Meissen figure of a miner

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MARKS: Crossed swords in underglaze blue.
PURCHASED FROM: Adolf Beckhardt, The Art Exchange, New York, 1944.
This figure of a miner is part of the Smithsonian’s Hans Syz Collection of Meissen Porcelain. Dr. Syz (1894-1991) began his collection in the early years of World War II, when he purchased eighteenth-century Meissen table wares from the Art Exchange run by the New York dealer Adolf Beckhardt (1889-1962). Dr. Syz, a Swiss immigrant to the United States, collected Meissen porcelain while engaged in a professional career in psychoanalysis and the research of human behavior. He believed that cultural artifacts have an important role to play in enhancing our awareness and understanding of human creativity and its communication among peoples. His collection grew to represent this conviction.
The invention of Meissen porcelain, declared over three hundred years ago early in 1709, was a collective achievement that represents an early modern precursor to industrial chemistry and materials science. The porcelains we see in our museum collections, made in the small town of Meissen in Germany, were the result of an intense period of empirical research. Generally associated with artistic achievement of a high order, Meissen porcelain was also a technological achievement in the development of inorganic, non-metallic materials.
Saxony’s miners held a high status in comparison to other laboring communities, mining silver, lead, copper, cobalt, and bismuth out of the rich Erzgebirge (Ore Mountains) in the south-west region of the Saxon State. The figure seen here represents a miner in his parade livery with an axe carried over his right shoulder. On his hat the emblem of crossed mining picks is painted in gold, and crossed swords - just like the mark on Meissen porcelains - are painted on his belt buckle. Miners worked hard rock to get at the ores, with water and toxic fumes their constant enemies. Smelters and furnace workers who processed the ores also belonged to the mining industry (bergbauindustrie), as did the surveyors responsible for mapping the complex underground seams of ore, and the engineers who built and worked the machinery that kept the mineshafts open.
The Meissen modelers Johann Joachim Kaendler (1706-1775) and Peter Reinicke (d. 1768) produced the original figure for this and other mining subjects. Kaendler, who joined Meissen in 1731 after working for the Dresden court sculptor Benjamin Thomae (1682-1751), developed a baroque style and a scale for porcelain figures that successfully exploited the nature of the material. The mining figures were based on prints from a publication by Christoph Weigel of Nuremberg, Die Abbildung und Beschreibung derer sämtlichen Berg-Wercks und Hütten Beamten und Bedienten nach ihrem gewöhnlichen Rang und Ordnung im behörigen Hütten-Habit [The representation and description of all the mining and metallurgy officials and their subordinates in appropriate livery according to their customary rank and order]. Mining personnel wore these garments at the elaborate parades that formed part of the court festivals held to celebrate anniversaries, betrothals, and weddings in the European court calendar. One of the most spectacular was the Saturn Festival held in 1719 to celebrate the marriage of Augustus II Elector of Saxony's son, the electoral prince Friedrich Augustus, to Princess Maria Josepha of Austria, the daughter of the Emperor Joseph I. (See Watanabe O'Kelly, H., Court Culture in Dresden: From Renaissance to Baroque, 2002).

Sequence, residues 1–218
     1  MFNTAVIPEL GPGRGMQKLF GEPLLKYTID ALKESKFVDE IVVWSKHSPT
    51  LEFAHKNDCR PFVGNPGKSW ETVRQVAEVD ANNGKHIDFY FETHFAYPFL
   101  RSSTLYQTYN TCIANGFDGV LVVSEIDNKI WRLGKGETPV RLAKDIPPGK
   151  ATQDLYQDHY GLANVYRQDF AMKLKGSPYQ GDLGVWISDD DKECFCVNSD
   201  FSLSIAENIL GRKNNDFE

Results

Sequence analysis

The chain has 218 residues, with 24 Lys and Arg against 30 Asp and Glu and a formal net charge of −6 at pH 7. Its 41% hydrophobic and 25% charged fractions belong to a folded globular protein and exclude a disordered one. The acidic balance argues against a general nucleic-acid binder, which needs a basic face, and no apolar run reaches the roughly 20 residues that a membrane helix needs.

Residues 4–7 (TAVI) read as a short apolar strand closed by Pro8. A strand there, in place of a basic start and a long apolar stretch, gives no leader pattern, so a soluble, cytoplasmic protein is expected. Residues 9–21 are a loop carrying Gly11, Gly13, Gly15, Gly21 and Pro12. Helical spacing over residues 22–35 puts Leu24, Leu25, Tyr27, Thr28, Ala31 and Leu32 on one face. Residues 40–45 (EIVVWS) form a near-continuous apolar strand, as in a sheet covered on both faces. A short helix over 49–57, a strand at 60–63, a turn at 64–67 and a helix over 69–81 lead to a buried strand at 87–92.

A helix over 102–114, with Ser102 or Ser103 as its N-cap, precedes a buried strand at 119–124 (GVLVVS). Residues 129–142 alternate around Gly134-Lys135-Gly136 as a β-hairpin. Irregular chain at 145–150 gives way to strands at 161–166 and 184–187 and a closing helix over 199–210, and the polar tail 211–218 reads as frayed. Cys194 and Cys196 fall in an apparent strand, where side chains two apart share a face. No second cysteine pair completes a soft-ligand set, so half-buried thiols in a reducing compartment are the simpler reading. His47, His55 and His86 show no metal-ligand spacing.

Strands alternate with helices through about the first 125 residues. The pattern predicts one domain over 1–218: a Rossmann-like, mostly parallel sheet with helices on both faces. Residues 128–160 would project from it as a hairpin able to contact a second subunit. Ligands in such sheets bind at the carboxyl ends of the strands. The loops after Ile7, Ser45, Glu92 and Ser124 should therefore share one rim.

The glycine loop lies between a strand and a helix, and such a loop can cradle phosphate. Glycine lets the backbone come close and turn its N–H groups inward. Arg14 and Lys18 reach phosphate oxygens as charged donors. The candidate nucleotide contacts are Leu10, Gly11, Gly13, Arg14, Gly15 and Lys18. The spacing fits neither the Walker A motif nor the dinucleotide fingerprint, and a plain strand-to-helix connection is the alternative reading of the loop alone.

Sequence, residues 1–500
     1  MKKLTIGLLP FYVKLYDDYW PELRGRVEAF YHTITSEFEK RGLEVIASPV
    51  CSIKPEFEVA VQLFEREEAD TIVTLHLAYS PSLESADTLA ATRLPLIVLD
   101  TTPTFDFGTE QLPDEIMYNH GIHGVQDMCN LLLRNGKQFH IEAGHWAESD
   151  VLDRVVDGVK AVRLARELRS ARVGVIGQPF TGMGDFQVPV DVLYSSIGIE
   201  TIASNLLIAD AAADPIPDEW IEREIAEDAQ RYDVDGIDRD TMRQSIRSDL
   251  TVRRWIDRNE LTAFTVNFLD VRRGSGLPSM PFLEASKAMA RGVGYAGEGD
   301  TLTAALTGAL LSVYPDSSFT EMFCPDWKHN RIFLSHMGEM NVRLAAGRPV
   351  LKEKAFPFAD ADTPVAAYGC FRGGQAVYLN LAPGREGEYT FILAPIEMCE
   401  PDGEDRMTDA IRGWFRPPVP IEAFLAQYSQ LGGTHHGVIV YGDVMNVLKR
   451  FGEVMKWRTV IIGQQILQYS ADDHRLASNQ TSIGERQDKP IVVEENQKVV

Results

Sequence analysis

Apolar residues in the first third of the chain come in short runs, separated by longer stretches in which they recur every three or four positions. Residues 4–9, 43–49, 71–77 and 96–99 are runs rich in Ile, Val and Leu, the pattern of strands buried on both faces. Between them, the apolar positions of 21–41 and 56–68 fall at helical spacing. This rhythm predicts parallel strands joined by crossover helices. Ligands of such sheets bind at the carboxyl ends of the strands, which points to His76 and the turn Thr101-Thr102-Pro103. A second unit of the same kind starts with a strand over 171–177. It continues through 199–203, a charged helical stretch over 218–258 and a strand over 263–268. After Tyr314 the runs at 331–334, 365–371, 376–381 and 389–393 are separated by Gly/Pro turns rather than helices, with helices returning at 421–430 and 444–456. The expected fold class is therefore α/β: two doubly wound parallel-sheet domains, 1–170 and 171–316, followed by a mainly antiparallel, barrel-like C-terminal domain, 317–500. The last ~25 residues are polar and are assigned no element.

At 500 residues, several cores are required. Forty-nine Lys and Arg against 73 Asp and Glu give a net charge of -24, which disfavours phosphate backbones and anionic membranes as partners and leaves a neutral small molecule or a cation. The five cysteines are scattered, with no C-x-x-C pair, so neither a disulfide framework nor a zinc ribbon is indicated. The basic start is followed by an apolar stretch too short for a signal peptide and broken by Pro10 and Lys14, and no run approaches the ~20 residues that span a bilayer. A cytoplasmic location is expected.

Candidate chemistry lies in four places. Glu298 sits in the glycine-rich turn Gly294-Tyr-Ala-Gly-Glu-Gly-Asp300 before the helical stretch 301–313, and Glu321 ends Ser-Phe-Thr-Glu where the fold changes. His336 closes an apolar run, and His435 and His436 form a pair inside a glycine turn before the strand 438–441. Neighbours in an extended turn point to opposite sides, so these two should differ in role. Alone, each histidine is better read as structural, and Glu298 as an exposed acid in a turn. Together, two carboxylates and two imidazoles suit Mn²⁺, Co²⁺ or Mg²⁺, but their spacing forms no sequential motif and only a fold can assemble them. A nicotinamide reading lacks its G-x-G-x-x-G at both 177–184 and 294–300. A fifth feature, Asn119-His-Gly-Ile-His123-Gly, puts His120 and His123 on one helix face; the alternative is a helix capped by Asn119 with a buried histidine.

It was the custom in court entertainments to decorate banqueting tables with figures made from sugar, and the design of these elaborate ornaments was the task of the court sculptors. When Kaendler took up his post as a modeler at Meissen he was quick to see that porcelain could add to or replace sugar in this function. This figurine was one among many in a series that depicted the work of miners, and collectively formed a table decoration on this theme.
The Meissen Manufactory uses the same techniques today to make individual figures and figure groups as it did in the eighteenth century. The original figure, sculpted in wax or modeler’s clay, is cut into smaller pieces from which plaster of Paris molds are taken. This miner is a relatively simple subject, but complex figure groups often require up to seventy separate molds. It is the job of the Meissen manufactory’s team of figure specialists to reassemble the figures from porcelain pressed into, and then released from the molds when still damp. The pieces are then stuck carefully in place and the complete figure group is dried slowly and evenly before firing. (See Pietsch, U. Triumph of the Blue Swords, 2010, pp. 61-67; pp.121-131).
Syz, H., Rückert, R., Miller, J. J. II., 1979, Catalogue of the Hans Syz Collection: Meissen Porcelain and Hausmalerei, pp. 440-441.
Currently not on view
date made
ca 1750
Meissen Manufactory
Physical Description
ceramic, porcelain, hard-paste (overall material)
polychrome enamels and gold (overall color)
baroque figure sculpture (overall style)
overall: 20 cm; 7 7/8 in
ID Number
catalog number
collector/donor number
accession number
Credit Line
Hans C. Syz Collection
See more items in
Home and Community Life: Ceramics and Glass
Industry & Manufacturing
Domestic Furnishings
The Hans C. Syz Collection
Data Source
National Museum of American History


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